These are dark times — literally. From now until the winter solstice, the days will only get shorter. I have mixed emotions when daylight saving time ends each year. Popping out of bed full of energy at my usual wake-up time to be met by sunlight is something to celebrate. But seeing evenings dip into late afternoons and steal away minutes can be depressing. It always takes me awhile to adjust. Here are some ways to embrace the dark evening hours and take advantage of the change.
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Put lights on timers. Leaving for work before it’s light out and arriving home to a dark house is not a good feeling. Whether you have everything in your house rigged up to your smartphone or you buy an old-fashioned plug-in timer at the hardware store, make sure there’s a light or two on to greet you when you pull up in the evening.
Turn on your outdoor lights a little early. These orb lights are the ultimate in cheering up a dark evening, but it doesn’t have to be this complicated. My mom turns on her exterior lights just before sunset. “That way, I feel like I can still enjoy my garden out the window and forget that it’s pitch-black outside at 5 p.m.,” she says.
Keep the fire pit going. My friends Kathy and Rob don’t let Boston winters stop them from hosting “Fire Pit.” Fire Pit means that after they put their son to bed, they light the fire pit in their backyard, whereupon their immediate neighbors see the smoke signal and come over with beer. When it snows, they dig out the fire pit right after they finish the driveway and front walk to keep this social hour going.
Adjust your workout. If you’re used to exercising outdoors after work, my condolences. Try to get out first thing in the morning or during lunch to soak up that vitamin D if you can. In the evenings, seek out a good pickup game, finally go to that barre class, take lessons in a sport you’ve always wanted to try or stream some yoga.
Resist TV and crank up the tunes. For me, it’s hard not to turn on the TV and veg out as soon as it gets dark outside. This is fine in the summer when it’s not dark until after 9 p.m., but when it’s dark at 5 p.m., it’s a terrible habit. Try to keep the TV off until at least 8 p.m. — prime time. If the darkness has you down, skip the news.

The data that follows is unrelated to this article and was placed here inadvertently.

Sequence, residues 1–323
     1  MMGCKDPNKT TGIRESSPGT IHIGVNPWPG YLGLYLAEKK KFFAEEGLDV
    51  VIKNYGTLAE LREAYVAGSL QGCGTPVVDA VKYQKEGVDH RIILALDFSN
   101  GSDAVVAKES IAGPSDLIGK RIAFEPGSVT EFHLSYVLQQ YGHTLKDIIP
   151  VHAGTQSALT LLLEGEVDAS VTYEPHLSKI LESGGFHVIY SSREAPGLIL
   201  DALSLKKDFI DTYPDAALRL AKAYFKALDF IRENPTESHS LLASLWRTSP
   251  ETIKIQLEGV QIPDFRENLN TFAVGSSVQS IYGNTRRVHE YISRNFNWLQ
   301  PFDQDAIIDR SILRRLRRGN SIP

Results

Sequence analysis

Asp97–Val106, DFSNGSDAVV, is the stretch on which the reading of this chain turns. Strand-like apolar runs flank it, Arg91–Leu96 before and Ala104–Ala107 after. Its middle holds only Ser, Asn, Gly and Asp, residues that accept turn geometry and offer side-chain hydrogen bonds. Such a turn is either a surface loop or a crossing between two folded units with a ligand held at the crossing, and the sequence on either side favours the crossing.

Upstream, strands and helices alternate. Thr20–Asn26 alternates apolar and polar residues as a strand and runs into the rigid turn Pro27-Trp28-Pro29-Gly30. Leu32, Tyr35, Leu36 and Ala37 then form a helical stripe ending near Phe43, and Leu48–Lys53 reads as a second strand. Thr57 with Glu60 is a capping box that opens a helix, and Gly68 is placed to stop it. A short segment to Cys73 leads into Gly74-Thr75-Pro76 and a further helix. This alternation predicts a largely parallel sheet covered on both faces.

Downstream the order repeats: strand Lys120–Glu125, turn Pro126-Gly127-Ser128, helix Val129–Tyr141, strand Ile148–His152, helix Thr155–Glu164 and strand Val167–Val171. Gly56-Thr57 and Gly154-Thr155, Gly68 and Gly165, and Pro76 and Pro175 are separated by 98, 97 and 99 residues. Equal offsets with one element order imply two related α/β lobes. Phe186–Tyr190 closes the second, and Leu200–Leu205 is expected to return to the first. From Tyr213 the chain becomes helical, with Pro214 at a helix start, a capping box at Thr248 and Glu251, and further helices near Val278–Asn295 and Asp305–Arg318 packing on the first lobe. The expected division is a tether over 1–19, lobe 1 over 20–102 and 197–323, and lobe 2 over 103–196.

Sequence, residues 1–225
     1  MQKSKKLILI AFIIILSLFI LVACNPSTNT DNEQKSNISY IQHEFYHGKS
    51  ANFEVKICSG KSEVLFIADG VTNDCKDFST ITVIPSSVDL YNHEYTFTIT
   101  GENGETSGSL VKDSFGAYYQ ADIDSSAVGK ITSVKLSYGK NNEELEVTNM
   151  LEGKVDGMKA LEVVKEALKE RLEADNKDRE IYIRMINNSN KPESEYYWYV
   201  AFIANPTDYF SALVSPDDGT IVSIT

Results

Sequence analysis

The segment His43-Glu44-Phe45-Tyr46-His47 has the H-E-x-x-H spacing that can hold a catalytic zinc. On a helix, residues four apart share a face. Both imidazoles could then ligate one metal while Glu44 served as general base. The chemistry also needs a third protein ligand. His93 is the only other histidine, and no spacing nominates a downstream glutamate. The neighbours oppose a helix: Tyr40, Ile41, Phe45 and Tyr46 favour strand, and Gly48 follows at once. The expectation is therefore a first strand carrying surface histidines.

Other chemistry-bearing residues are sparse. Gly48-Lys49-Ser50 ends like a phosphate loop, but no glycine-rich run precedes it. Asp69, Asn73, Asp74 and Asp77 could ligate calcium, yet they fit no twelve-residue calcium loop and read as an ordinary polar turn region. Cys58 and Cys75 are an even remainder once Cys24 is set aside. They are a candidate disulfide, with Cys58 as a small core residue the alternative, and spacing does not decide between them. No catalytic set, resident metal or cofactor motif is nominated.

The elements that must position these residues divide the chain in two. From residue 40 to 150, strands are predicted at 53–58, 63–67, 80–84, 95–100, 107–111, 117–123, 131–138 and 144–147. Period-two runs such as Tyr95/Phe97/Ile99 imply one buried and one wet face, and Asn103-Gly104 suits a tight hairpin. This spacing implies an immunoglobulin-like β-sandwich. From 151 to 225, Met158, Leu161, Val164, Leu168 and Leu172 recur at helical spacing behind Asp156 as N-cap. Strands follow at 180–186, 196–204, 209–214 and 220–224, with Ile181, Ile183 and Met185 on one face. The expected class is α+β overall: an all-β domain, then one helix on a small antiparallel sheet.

Instead of TV, enjoy some music while you work on projects, cook, do laundry, read, clean and catch up on work. And don’t just put on the same tunes you always listen to. Stream a channel based on a band you loved 20 years ago but had forgotten about, put your iTunes on shuffle, do a deep dive into a genre you don’t usually listen to or try out a friend’s playlist.
Arrange some blossoms. Treat yourself to fresh flowers. A $3.99 bunch from the grocery store will give you a lift when you walk into the room no matter how dark it is outside.
Host fun nights. Have a bunch of friends over to do something you all enjoy together: clothing or magazine swaps, jam sessions, quilting bees, game nights, Bunco, book group, cooking together, craft beer tasting, game watching. If you don’t have a group that already gets together for something you enjoy, start one and plan to meet up on a regular basis.
Light a fire. Flickering firelight is one of the best things about a cold winter’s night. Whether you’re working on a crossword puzzle, chatting or serving dinner, do it in the room with the fireplace.
Make time for relaxation. One advantage of short days is that you’re completely justified in putting on your favorite pajama pants the second the sun goes down if you feel like it. You also don’t have to feel guilty about taking a nice hot shower or having a soak at 6 p.m. if it’s dark outside. Grab a good book, sprinkle in some lavender Epsom salts and you’ll be happy that night has arrived.
Have a dinner party and serve tiny gourds. Just kidding — I just really like this tablescape, and we could all use a laugh!
Original article written by Becky Harris on Houzz.